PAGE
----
The use of mobile and wireless computing is rapidly on the rise and so are the related security risks.
A recent survey commissioned by CompTIA revealed that of the 1070 companies surveyed almost 80 percent allow remote access to company data. As one might expect, well over half said that their security issues had increased due to the use of hand held device and wireless networks.
Surprisingly, 68 percent of the companies have not given employees any type of security awareness training. Combined with the companies' growing use of mobile computing, the situation is a recipe for disaster.
Some organizations learn the tangible value of security awareness training the hard way. In 2006 alone tens of millions of people's private information fell into the hands of company outsiders. Ernst & Young, the Federal Trade Commission, Equifax, U.S. Department of Veterans Affairs, Boeing, and numerous other entities all experienced theft of laptops, and all of those laptops contained sensitive information about private citizens.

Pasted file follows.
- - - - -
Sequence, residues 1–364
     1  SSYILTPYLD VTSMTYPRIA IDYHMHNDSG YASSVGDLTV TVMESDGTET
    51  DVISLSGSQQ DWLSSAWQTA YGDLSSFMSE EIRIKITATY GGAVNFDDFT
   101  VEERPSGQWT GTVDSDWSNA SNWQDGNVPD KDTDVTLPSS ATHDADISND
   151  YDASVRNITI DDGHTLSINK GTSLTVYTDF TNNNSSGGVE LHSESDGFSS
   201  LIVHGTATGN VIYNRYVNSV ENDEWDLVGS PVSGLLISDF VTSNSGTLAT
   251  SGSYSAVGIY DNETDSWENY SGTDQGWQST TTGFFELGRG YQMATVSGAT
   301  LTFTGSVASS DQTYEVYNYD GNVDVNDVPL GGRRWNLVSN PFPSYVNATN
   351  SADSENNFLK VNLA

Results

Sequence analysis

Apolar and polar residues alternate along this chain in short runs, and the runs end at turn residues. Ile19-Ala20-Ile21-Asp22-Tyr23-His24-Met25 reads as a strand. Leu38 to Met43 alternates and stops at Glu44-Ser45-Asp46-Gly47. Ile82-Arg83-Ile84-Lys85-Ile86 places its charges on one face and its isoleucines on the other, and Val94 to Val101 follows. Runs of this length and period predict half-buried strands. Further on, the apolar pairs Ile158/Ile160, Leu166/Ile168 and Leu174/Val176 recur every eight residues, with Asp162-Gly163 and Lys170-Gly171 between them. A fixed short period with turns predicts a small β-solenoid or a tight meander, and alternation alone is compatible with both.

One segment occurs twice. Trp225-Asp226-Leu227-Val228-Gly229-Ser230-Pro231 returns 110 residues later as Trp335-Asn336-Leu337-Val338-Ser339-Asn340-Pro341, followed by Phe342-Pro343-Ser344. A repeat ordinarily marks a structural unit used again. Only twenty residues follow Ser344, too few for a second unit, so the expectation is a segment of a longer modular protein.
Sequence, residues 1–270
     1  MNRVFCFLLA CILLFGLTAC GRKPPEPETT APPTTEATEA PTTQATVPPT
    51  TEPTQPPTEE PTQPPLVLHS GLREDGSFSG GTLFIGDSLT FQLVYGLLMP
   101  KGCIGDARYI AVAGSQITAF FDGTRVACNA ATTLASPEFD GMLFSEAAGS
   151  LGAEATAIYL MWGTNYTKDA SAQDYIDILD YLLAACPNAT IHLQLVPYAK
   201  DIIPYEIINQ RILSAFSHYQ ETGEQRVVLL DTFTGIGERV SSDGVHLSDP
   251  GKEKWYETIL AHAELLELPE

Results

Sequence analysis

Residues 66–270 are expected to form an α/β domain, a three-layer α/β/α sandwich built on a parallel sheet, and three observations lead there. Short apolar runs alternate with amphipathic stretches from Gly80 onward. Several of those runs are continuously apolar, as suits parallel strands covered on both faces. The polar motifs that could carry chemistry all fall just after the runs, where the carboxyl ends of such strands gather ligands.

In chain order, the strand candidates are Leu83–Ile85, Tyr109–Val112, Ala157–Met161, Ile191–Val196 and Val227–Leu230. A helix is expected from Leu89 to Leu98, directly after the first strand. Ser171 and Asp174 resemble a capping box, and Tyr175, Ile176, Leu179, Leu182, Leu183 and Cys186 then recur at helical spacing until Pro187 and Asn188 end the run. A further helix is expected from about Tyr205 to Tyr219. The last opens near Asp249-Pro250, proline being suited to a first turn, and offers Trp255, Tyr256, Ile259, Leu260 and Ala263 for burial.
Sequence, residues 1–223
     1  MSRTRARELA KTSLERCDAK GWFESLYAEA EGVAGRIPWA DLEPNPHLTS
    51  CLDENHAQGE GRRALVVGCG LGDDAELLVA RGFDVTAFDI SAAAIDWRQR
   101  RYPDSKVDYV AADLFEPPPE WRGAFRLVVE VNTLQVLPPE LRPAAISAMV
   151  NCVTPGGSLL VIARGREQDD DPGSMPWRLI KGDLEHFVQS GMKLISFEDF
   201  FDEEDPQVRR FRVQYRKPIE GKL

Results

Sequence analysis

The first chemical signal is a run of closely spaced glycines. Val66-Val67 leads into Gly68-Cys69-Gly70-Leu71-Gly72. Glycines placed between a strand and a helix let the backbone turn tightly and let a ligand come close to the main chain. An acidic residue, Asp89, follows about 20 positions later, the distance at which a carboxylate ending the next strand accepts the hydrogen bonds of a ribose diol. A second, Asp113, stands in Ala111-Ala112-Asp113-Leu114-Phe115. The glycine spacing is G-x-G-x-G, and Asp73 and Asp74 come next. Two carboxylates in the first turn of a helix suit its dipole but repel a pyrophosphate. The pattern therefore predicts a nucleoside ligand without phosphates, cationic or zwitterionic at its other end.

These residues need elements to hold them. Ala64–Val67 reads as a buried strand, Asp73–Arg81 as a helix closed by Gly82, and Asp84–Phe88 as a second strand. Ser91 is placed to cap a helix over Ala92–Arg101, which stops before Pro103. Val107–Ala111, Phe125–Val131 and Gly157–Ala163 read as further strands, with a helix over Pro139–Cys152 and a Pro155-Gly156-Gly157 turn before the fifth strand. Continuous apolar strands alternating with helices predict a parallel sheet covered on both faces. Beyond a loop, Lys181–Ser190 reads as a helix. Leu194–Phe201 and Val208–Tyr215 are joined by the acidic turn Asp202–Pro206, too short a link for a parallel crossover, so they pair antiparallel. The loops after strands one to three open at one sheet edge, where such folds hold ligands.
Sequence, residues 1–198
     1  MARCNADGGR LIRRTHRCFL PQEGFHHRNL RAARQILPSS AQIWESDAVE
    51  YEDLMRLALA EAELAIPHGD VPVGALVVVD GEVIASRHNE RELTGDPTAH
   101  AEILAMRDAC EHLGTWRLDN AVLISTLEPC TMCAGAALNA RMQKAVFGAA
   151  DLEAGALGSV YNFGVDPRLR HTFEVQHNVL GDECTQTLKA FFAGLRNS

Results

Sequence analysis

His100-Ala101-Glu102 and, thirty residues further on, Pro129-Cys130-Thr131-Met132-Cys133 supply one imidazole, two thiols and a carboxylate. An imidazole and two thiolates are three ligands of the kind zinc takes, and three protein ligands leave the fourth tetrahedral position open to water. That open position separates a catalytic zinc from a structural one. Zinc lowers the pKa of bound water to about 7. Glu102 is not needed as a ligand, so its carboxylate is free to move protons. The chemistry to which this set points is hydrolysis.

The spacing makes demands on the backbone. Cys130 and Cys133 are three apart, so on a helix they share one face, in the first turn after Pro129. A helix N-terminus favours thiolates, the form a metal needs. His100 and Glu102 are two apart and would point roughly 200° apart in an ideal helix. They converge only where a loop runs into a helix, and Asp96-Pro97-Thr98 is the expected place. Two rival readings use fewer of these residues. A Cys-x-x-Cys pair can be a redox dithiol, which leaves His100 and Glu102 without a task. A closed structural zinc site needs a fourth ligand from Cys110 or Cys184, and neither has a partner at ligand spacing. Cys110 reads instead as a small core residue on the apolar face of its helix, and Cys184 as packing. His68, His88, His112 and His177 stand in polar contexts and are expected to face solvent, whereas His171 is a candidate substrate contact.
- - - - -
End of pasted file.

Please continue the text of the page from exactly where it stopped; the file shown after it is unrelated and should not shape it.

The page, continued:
"Organizations that do not train their mobile workers in security fundamentals are doing themselves a great disservice," said, John Venator, president and chief executive officer at CompTIA. "Nearly 90 percent of organizations \[surveyed\] that have implemented awareness training for remote and mobile workers believe that the number of security breaches they've encountered has been reduced."
According to statistics published by Privacy Rights Clearinghouse, in 2006 laptop theft and incompetence (both in end users and software developers) where among the two most common causes of data breaches in organizations operating in the private and public sector. The overall problem has grown significantly worse in 2007.